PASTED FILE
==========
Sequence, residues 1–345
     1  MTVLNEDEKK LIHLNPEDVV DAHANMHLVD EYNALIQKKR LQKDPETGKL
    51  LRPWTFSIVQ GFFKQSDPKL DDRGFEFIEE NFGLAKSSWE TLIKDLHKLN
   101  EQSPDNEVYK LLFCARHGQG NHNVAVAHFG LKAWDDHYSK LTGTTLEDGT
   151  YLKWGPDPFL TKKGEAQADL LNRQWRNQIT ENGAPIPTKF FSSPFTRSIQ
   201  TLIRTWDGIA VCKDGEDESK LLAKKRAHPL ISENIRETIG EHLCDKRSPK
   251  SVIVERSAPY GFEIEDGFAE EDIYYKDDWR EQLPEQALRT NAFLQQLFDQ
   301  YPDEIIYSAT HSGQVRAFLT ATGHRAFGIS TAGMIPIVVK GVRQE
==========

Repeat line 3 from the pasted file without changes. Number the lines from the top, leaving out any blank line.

    51  LRPWTFSIVQ GFFKQSDPKL DDRGFEFIEE NFGLAKSSWE TLIKDLHKLN